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By Tooey Courtemanche
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Clothing that will detect which worker on your job is costing you money through frequent mistakes; a building responding to changes in the position of the sun; architects, builders and designers crowd-sourcing their building plans for optimal use; robots swarming a construction site building based on an embedded set of blueprints with drones flying above, surveying or supervising building activities aren’t a fascination adapted from a futuristic sci-fi novel–they are becoming a reality. These are the current capabilities penetrating a once deemed “inflexible” industry. With innovation happening at the speed of light, we’re entering the modern age of construction. Technology is transforming construction, bringing forth a whole new realm of invention aimed at making the industry safer, more efficient, and increasingly profitable, all while reducing our carbon footprint.
The term data-informed design has pervaded the industry. There are various uses for data gathered from social media, feedback apps, and “data exhaust” from mobile technology. Architects and designers are able to receive real-time, end-user feedback to help influence how they design their structures taking into consideration how users will interact with a building or campus.
Analyzing foot traffic, energy usage, and even listening to social media conversations that indicate a user’s frustrations or desires are being looked at to enable smarter design. For example, if an architect is doing a renovation on a university campus, monitoring current student traffic can relay information to the architect about where and when certain elements of their design should be implemented. If students prefer to enter a building on the south side because it is more convenient for them to access off the street but the main entrance is on the north side, this information could influence the architect to rearrange the main entrance to the south side.
With BIM software, the amount of data associated with the digital representation of a facility opens up a world of possibilities. Beyond viewing a 3D example of the architectural plans, energy analysis, carbon data, lead daylight, water use and renewable energy can also be determined through data analysis. Simulation tools that interplay with BIM software can inform planning and building design to ensure better energy conservation. With the data learned prior to building, and that garnered once the building is in use, future designs can take the information and more precisely predict energy needs and costs––shifting systems and requirements where observed changes in usage has been shown.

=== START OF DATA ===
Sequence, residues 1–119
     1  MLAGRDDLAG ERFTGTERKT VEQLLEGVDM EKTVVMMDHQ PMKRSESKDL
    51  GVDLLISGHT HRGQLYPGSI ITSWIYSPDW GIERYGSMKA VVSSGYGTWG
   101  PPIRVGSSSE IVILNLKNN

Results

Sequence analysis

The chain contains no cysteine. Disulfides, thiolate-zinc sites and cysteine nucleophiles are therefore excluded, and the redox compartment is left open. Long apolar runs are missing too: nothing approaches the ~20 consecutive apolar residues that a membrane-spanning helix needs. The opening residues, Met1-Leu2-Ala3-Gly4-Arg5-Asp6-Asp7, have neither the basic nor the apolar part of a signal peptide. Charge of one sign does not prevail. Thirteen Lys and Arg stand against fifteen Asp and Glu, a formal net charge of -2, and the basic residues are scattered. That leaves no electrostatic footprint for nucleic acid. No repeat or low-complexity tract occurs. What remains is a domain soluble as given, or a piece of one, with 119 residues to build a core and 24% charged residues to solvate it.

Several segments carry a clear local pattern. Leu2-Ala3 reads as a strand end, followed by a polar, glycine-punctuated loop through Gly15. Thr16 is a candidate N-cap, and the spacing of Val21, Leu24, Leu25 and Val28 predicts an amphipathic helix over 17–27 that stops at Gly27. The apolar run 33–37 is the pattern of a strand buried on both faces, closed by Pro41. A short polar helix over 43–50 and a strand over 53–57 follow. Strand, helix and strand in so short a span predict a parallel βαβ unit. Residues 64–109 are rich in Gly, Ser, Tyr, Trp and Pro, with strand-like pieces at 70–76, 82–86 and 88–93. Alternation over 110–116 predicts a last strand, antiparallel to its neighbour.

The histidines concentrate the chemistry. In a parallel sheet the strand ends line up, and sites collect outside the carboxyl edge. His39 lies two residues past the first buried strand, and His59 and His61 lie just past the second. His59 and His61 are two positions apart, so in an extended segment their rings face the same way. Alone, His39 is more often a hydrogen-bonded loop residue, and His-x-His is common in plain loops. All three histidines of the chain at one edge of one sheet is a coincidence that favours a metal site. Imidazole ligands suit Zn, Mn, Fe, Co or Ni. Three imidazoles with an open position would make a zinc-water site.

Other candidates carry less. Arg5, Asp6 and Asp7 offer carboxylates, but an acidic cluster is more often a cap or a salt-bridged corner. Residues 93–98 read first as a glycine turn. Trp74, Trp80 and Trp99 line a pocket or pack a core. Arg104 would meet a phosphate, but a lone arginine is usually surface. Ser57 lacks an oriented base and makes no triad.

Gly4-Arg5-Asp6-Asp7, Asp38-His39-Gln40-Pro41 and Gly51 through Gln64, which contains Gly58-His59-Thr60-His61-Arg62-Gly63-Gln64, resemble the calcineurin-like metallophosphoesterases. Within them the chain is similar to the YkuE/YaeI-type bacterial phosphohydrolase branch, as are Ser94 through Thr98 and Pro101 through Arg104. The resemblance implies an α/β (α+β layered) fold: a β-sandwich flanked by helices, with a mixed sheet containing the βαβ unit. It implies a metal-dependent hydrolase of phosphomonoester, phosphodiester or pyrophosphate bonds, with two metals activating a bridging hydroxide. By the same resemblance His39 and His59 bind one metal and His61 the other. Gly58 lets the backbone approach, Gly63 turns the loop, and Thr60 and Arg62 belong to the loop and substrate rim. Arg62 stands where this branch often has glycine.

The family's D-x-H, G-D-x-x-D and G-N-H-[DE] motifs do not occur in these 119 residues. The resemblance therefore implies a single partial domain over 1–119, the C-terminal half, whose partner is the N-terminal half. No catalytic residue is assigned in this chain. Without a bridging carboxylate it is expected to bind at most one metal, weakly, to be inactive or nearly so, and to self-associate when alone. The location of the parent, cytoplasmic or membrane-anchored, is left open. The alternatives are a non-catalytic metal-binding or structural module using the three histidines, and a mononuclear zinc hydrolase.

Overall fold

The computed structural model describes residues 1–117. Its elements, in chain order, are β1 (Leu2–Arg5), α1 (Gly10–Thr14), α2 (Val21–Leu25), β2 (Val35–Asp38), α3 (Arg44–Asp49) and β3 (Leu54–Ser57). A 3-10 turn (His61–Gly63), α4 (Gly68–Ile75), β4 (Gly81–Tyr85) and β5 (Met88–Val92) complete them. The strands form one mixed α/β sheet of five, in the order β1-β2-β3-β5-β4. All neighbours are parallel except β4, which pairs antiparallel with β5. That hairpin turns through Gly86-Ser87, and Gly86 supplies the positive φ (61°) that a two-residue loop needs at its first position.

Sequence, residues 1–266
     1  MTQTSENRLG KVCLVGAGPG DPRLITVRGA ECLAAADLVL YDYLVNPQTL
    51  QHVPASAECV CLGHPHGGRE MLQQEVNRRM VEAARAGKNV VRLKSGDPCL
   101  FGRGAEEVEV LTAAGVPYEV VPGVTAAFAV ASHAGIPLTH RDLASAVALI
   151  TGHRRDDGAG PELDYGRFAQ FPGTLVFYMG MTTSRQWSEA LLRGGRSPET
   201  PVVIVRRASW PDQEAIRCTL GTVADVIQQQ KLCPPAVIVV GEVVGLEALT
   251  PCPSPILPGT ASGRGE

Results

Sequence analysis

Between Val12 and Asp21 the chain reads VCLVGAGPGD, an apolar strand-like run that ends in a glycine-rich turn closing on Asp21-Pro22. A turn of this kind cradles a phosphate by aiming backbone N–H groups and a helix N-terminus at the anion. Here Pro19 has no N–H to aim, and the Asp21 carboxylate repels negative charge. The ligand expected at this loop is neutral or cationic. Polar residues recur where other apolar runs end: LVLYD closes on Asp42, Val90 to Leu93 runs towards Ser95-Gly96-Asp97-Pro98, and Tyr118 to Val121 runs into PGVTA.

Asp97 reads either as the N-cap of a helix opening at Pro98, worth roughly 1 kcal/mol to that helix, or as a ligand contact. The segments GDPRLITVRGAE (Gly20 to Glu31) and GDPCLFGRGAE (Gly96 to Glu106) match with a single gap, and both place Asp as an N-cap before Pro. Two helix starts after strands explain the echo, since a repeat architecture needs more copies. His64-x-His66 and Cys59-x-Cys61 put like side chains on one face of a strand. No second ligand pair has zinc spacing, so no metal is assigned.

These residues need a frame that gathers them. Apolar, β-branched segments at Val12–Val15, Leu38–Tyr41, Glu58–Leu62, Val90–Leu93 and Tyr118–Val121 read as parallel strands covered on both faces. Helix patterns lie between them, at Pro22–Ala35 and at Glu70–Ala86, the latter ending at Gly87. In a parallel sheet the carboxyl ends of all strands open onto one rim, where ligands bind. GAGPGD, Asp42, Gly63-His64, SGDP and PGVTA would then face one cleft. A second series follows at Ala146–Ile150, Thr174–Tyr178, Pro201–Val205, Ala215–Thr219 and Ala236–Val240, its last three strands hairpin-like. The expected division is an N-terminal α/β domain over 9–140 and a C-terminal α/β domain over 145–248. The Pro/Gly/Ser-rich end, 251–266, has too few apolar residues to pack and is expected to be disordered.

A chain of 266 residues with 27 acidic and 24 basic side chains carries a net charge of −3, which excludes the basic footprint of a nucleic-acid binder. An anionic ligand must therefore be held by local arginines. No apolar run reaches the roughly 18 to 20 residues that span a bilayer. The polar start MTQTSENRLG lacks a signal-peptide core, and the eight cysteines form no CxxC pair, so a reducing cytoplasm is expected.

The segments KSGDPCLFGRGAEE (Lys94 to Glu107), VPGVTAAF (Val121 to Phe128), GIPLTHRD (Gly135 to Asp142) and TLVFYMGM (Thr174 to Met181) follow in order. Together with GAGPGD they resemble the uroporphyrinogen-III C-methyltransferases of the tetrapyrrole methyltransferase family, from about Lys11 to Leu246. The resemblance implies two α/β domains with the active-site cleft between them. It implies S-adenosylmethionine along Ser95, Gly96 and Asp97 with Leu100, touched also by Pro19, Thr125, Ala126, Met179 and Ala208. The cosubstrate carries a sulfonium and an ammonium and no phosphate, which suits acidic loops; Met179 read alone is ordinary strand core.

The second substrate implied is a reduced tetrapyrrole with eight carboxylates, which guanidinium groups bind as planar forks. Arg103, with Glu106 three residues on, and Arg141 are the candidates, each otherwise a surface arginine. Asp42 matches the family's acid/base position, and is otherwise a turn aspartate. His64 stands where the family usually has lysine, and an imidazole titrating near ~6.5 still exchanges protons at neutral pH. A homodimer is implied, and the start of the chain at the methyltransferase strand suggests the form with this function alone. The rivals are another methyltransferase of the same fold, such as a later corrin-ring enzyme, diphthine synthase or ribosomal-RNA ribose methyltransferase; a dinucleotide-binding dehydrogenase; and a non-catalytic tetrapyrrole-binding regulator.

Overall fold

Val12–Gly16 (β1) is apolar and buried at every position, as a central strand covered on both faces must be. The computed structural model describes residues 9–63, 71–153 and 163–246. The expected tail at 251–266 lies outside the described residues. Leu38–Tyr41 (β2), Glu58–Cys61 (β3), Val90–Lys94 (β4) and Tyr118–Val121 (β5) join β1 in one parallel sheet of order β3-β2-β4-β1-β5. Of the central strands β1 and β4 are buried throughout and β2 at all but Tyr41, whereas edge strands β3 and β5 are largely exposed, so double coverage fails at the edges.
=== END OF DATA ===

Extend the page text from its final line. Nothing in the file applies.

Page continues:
Using sensors, buildings are learning how to respond to changes in sunlight, temperature, and other conditions that affect their ability to conserve energy. Climate responsive buildings adapt their color, shape, or form based on real time data transferred from the building’s sensors. The ORAMBRA prairie house in Illinois is an example of use of thermo or photo chromatic links––allowing the internal membrane of the house to turn lighter on warmer days and darker on colder days. While a small example of helping energy conservation, buildings that change shape––expand during hot seasons and shrink during cold seasons––take a further step into larger energy conservation efforts. Biomimicry, the science and art of emulating Nature's best biological ideas to solve human problems, has entered the construction industry. Using responsive design, buildings are being built that mechanize their design to shift based on the data received from sensors within the building or nature’s changing weather conditions. For example, the Esplanade Theater in Singapore has an elaborate building exterior modeled after the multilayered Durian plant. The theater’s exterior shading system adjusts throughout the day based on the shift of the sun to protect the interior of the building from overheating.
With the copious amounts of data floating around us, the future lies in harnessing data, effectively analyzing the data, and translating it into better planning, better design, and more functional environments.
Sustainable, eco-conscious building will be at the forefront of construction for decades to follow as we learn how to harness new technology to complete projects. From eco-friendly building to worker safety and ingenious new ways to use technology to closely manage your job site, the construction industry is primed for an innovative wave that will transform current building processes.
Everyday we are being transformed by technology. The emergence of 3D printing has engaged our creative minds as we explore the very real possibilities the technology holds in several industries. In construction, 3D printing would mean a sustainable, carbon-neutral fabrication with architectural flexibility and the ability to create housing quickly––sometimes in under 20 hours. China experimented with 3D printing erecting 10 single-level houses in 24 hours, then moving on to construct a five story, multi-family apartment building. However, with their larger scale project, smaller units were constructed off site and then assembled on site.